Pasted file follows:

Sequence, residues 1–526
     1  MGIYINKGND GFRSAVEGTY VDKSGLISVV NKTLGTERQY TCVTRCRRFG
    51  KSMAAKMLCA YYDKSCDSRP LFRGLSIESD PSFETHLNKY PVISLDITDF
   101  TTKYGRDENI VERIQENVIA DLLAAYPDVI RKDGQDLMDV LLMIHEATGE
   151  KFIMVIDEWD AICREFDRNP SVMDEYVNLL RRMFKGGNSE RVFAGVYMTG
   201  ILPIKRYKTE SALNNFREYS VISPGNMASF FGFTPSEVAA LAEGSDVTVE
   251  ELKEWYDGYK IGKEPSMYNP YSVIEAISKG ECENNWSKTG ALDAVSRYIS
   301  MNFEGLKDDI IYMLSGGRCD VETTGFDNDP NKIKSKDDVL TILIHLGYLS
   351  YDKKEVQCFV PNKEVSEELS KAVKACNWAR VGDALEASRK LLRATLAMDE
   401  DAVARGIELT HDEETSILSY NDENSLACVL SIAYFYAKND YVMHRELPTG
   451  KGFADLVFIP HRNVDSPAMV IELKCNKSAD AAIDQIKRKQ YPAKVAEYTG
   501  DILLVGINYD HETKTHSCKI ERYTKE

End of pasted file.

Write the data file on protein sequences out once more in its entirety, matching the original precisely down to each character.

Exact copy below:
Sequence, residues 1–526
     1  MGIYINKGND GFRSAVEGTY VDKSGLISVV NKTLGTERQY TCVTRCRRFG
    51  KSMAAKMLCA YYDKSCDSRP LFRGLSIESD PSFETHLNKY PVISLDITDF
   101  TTKYGRDENI VERIQENVIA DLLAAYPDVI RKDGQDLMDV LLMIHEATGE
   151  KFIMVIDEWD AICREFDRNP SVMDEYVNLL RRMFKGGNSE RVFAGVYMTG
   201  ILPIKRYKTE SALNNFREYS VISPGNMASF FGFTPSEVAA LAEGSDVTVE
   251  ELKEWYDGYK IGKEPSMYNP YSVIEAISKG ECENNWSKTG ALDAVSRYIS
   301  MNFEGLKDDI IYMLSGGRCD VETTGFDNDP NKIKSKDDVL TILIHLGYLS
   351  YDKKEVQCFV PNKEVSEELS KAVKACNWAR VGDALEASRK LLRATLAMDE
   401  DAVARGIELT HDEETSILSY NDENSLACVL SIAYFYAKND YVMHRELPTG
   451  KGFADLVFIP HRNVDSPAMV IELKCNKSAD AAIDQIKRKQ YPAKVAEYTG
   501  DILLVGINYD HETKTHSCKI ERYTKE